This week we’re looking at a great novel of finding oneself even later in life that takes us from gut-busting laughter to massive tears, and everywhere in between. This week we’re looking at The Secret Of Snow by Viola Shipman.
The Ghosts Of Christmases Past. This is a story of how running away from your pain can be just as painful – even when buried – as staying and working through it. Here, we actually get to see a bit of both, along with a fair degree of real-world, perfectly-within-story-yet-real, commentary. Unlike the last book from Shipman I reviewed, where one character was seemingly designed as little more than a strawman pin cushion for the author to lob everything she (he) hated about that type of person into the book, the characters here all felt much more authentic and true to the situations they found themselves in. Even Sonny’s precipitous meltdown near the front of the book is wild, yet “realistic” – many of us would at minimum *consider* doing exactly what she did, and if we found ourselves in the exact situation she was at that moment… yeah, totally realistic. 😀 But just as realistic is the pain and the ghosts that Sonny has been running from for 30 years, and when she is forced to go home and ultimately confront the pain… also, so very realistic. Spoken as someone just slightly younger than Sonny (nearly 40) who very nearly lived her scenario. (In my own case, there was an accident where I was driving and both of my brothers were in the car, yards from my house – our mom heard the impact. Fortunately we all survived with little lasting damage, but because of that I could that much more easily empathize with Sonny – I could well see my life turning out very differently had that particular day become much, much darker.) While this is more drama than comedy, with a dash of romance thrown in (YMMV on that one, but I thought it was subtle enough that it added more than it detracted), there is certainly enough comedy here to keep the drama from being overwhelming, while allowing the parts that *need* to hit harder to do so. Truly an excellent book, and very much recommended.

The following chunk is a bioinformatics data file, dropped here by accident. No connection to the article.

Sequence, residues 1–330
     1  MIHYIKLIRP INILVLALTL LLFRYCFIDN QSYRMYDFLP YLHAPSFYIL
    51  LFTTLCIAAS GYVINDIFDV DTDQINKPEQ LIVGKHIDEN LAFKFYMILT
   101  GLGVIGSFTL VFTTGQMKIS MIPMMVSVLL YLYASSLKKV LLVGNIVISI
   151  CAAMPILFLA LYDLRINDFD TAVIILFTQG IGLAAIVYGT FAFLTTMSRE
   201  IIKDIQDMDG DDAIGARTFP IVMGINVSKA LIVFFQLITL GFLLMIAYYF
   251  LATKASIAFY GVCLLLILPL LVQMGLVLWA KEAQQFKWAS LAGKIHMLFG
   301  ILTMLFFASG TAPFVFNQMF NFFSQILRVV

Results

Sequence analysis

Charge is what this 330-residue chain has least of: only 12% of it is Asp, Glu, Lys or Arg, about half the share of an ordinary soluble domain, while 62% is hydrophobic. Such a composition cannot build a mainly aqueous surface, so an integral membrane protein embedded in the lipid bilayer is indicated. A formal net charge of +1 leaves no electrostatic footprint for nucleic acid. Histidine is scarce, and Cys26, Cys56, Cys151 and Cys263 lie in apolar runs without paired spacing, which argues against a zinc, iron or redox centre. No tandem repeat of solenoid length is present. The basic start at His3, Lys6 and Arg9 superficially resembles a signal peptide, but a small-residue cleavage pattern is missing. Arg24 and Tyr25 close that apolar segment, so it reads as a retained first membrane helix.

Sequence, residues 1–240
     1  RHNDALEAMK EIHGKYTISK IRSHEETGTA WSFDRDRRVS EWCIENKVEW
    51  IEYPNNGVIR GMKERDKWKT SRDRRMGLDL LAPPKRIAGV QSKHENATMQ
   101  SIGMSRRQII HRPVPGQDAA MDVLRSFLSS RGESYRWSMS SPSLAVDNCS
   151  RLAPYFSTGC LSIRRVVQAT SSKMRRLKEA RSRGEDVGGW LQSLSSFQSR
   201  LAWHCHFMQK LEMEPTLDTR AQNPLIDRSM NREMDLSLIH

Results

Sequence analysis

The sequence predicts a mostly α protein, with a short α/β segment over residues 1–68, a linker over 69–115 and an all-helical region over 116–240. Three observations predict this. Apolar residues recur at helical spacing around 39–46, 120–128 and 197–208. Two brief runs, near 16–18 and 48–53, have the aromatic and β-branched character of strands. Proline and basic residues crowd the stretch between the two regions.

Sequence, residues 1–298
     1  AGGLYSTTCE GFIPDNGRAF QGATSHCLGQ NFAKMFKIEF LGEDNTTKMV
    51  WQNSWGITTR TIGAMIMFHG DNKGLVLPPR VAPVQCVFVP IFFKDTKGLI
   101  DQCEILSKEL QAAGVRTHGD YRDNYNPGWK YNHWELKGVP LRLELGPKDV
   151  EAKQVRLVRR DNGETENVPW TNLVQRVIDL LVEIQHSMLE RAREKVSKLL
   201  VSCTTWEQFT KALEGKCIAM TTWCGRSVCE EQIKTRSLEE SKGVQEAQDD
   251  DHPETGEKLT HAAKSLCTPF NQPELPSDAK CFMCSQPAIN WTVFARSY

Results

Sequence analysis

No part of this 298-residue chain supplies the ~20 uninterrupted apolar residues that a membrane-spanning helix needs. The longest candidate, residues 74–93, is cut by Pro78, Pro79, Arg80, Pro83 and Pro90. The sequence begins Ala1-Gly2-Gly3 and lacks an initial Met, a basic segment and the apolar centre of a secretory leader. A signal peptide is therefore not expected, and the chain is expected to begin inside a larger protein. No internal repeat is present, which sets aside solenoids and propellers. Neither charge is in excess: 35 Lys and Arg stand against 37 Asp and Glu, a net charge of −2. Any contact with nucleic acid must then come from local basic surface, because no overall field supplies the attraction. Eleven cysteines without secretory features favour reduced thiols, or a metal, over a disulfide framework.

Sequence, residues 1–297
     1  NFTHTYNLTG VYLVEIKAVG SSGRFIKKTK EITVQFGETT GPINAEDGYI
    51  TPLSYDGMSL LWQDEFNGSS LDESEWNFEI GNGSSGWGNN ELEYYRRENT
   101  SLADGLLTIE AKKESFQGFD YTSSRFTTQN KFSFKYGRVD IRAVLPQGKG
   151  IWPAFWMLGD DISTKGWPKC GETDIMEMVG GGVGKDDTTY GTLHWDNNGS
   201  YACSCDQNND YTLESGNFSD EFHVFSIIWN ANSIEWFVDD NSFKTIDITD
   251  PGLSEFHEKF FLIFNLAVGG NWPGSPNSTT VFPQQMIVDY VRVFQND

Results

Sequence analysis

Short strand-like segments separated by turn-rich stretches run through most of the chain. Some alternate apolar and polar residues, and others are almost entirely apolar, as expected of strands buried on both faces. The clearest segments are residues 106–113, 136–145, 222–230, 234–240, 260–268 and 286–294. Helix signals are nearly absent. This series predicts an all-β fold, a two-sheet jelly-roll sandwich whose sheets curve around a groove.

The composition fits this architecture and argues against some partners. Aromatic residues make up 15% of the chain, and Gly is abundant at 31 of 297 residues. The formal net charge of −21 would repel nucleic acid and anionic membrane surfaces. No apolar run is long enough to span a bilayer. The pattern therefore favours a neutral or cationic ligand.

For this blog tour we’re looking at a solid tale of four old friends coming back together in the face of a tragedy that is marred by its preachy real-world politics. For this blog tour we’re looking at The Clover Girls by Viola Shipman.
First, here’s what I had to say about the book on Goodreads:
Solid Story Brought Down By Emphasis On Real-World Politics. As a camp story and as a story of long ago friends coming back together after a tragedy and working through both the awesome times and the tragedies of both then and now, this story was really quite good. The way Shipman (a pen name for a dude, making this even more remarkable) is able to craft each of the characters and use the settings themselves as additional characters really shows just how strong of a storyteller she (he) is. Ultimately though the aftertaste of this book – if you even make it that far – will be flavored by your view of its politics and arguably more pointedly, how it portrays the side the author very clearly abhores. Me, I read to avoid the real world. Between the events of 20201 and my own real-world background as a political activist at various levels, I *really* don’t want politics in my books, and if it must be there, I want a balanced and non-preachy approach. Neither of which I got here, and thus the star deduction. Still, a worthy read and truly a good one, other than the preachy politics. Recommended.
After the jump, an excerpt from the opening of the book followed by the publisher details. 🙂
Continue reading “#BlogTour: The Clover Girls by Viola Shipman”